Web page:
|Subject: SMH: Canberra "defeatist" on
Timor: US envoy
Date: Sat, 14 Aug 1999 09:19:13 -0400
From: "John M. Miller" <email@example.com>
Received from Joyo Indonesian News:
Sydney Morning Herald Tuesday, August 10, 1999
Canberra "defeatist" on Timor: US envoy
By PETER COLE-ADAMS, Foreign Affairs Correspondent
A senior United States official told the head of Australia's Foreign Affairs Department, Dr Ashton Calvert, in February that he believed a full-scale peacekeeping operation would be necessary in East Timor and that Australia's attitude was "essentially defeatist".
Nine days ago, the Foreign Affairs Minister, Mr Downer, described reports of differences between the two governments over peacekeeping as "completely false". A day later, his department issued a media statement "categorically" denying such differences.
But yesterday Mr Downer conceded the US Assistant Secretary of State for East Asia and Pacific Affairs, Mr Stanley Roth, had expressed a "personal view" to Mr Calvert at their February meeting.
He insisted that Mr Roth's view at that time, pushing for a peacekeeping force, had never been official US policy.
A leaked copy of a DFAT record of the February Roth- Calvert discussion reveals there was "one area of difference" over security in the territory.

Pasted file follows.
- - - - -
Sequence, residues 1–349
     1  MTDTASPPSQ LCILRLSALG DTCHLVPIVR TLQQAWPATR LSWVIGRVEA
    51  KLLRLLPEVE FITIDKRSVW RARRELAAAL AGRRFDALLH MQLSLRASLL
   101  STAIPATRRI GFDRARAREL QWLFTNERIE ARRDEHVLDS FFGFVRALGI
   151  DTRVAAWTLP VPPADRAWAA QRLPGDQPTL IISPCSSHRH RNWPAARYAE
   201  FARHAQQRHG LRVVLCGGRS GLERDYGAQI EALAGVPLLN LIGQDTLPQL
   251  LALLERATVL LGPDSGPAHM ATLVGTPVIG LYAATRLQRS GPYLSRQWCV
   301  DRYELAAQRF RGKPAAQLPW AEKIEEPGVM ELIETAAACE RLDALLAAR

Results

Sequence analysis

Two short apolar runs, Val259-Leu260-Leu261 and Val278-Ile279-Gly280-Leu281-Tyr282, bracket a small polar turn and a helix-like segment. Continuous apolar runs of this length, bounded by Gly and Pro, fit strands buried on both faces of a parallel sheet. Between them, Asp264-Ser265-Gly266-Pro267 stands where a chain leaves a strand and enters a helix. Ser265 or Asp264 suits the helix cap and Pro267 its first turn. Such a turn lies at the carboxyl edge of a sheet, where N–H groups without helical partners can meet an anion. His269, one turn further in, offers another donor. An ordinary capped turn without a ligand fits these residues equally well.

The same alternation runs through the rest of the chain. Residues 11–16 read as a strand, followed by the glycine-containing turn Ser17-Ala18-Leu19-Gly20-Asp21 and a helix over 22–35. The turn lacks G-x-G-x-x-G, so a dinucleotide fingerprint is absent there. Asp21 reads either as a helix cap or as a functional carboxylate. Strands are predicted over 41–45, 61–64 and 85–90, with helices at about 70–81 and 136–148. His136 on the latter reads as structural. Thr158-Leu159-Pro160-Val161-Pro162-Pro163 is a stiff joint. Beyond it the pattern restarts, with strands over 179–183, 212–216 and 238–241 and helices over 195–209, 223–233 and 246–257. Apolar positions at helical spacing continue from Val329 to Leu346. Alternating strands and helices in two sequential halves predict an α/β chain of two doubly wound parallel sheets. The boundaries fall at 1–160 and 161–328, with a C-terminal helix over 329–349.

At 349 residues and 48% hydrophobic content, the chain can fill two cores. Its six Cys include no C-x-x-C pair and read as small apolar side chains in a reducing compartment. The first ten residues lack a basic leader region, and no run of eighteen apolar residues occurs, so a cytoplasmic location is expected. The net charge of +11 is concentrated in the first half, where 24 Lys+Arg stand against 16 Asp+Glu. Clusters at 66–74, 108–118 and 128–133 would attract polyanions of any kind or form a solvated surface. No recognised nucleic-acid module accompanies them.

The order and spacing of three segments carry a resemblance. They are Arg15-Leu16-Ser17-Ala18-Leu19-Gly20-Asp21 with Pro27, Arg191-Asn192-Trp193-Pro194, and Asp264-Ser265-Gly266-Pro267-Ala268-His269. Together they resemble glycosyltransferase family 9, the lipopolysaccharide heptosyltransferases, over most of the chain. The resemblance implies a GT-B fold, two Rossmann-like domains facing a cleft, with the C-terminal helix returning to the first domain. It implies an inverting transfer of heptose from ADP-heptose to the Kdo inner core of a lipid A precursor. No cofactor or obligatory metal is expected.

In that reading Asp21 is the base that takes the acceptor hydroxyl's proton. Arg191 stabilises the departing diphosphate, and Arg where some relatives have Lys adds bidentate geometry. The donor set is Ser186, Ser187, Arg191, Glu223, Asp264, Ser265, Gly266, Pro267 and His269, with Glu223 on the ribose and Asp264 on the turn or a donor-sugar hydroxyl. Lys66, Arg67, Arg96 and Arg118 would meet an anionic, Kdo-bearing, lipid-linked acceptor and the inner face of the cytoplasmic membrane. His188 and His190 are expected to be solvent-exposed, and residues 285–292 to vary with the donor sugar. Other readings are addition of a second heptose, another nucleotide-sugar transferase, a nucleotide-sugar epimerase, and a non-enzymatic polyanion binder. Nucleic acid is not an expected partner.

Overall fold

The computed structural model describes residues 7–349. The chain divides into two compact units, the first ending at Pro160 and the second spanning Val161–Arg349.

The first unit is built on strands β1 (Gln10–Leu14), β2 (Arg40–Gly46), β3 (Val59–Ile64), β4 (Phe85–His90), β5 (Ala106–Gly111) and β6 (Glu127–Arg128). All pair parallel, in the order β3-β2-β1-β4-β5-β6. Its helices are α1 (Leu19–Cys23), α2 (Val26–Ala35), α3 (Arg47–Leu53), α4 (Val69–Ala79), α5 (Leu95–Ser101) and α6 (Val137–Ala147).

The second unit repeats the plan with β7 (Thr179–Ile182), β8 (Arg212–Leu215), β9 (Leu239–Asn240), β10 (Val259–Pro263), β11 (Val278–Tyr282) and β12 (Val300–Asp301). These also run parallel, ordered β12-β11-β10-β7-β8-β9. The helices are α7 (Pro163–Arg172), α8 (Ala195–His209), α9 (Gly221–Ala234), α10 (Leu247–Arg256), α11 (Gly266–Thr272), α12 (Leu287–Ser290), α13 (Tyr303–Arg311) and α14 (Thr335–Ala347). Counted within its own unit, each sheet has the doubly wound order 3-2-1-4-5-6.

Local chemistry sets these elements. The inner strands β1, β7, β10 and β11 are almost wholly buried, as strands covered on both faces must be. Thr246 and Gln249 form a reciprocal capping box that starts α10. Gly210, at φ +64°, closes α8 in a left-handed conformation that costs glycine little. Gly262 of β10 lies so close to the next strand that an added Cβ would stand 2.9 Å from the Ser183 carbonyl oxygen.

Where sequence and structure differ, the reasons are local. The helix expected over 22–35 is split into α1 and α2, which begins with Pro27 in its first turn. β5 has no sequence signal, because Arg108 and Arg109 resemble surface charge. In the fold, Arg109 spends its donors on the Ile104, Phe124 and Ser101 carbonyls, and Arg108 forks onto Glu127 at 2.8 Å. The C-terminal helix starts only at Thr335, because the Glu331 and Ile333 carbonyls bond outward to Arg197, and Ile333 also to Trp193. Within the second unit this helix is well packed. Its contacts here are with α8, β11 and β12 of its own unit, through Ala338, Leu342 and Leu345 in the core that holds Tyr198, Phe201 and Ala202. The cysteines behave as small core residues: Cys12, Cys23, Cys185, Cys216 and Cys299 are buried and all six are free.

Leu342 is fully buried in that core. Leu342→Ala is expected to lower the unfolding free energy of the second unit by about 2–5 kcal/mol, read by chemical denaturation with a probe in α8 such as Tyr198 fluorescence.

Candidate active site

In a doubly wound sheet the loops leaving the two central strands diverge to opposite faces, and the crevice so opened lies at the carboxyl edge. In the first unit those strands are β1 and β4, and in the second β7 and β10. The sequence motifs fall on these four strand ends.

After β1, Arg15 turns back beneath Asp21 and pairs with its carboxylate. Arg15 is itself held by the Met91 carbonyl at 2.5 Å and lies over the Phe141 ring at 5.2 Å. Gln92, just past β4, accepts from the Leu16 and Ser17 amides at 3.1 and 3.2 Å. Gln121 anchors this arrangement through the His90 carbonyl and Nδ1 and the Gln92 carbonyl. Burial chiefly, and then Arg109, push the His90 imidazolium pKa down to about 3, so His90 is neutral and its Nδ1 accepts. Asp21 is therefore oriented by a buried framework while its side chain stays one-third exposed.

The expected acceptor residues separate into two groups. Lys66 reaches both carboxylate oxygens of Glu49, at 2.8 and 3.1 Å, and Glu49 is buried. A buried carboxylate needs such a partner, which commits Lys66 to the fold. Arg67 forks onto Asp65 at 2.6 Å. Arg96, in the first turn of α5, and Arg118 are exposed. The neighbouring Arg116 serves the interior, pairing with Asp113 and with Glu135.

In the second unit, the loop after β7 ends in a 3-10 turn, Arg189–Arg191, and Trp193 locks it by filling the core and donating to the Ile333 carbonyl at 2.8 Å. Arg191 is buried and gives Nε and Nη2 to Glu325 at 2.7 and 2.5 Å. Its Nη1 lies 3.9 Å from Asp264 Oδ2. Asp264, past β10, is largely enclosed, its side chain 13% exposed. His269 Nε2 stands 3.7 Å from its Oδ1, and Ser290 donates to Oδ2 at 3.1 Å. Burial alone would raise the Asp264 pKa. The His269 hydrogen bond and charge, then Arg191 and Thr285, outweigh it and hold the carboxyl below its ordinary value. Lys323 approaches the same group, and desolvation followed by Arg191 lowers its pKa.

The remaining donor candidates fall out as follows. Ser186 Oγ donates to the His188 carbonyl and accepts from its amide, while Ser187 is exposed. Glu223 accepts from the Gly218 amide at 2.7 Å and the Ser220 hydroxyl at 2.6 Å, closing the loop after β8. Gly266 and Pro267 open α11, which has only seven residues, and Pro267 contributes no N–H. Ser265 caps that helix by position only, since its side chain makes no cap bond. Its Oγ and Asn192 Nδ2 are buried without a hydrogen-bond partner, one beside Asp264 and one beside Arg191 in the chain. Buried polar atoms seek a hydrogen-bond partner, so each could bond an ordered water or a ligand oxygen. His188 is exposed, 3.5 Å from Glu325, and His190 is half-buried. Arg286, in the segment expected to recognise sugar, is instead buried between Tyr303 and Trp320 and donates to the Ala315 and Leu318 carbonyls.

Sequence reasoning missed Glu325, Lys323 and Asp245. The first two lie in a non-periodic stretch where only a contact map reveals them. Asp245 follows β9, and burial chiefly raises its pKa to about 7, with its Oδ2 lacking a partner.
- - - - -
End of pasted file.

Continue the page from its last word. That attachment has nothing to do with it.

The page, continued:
"Roth's approach, which he admitted was a personal view given that he had not yet discussed it with Secretary [of State, Dr Madeleine] Albright, or other agencies, was that a full-scale peacekeeping operation would be an unavoidable aspect of the transition," the document states.
"Without it, East Timor was likely to collapse. Roth saw no prospect for reconciliation between East Timorese groups which could avert the need for significant external intervention ...
"Roth suggested that Australia's position of keeping peace keeping at arms length was essentially defeatist, and that it was necessary to go forth and persuade Congress and UN member states that it simply had to be done."
The DFAT document says that Dr Calvert had argued the need for the international community to induce the East Timorese and Indonesian leaders to work towards an orderly and peaceful transition to inde pendence or autonomy and to avert the need for peacekeeping.
Mr Downer told Parliament yesterday that the Australian and US governments had worked together closely and that he believed that at no stage had it been official US policy to push for a peacekeeping force.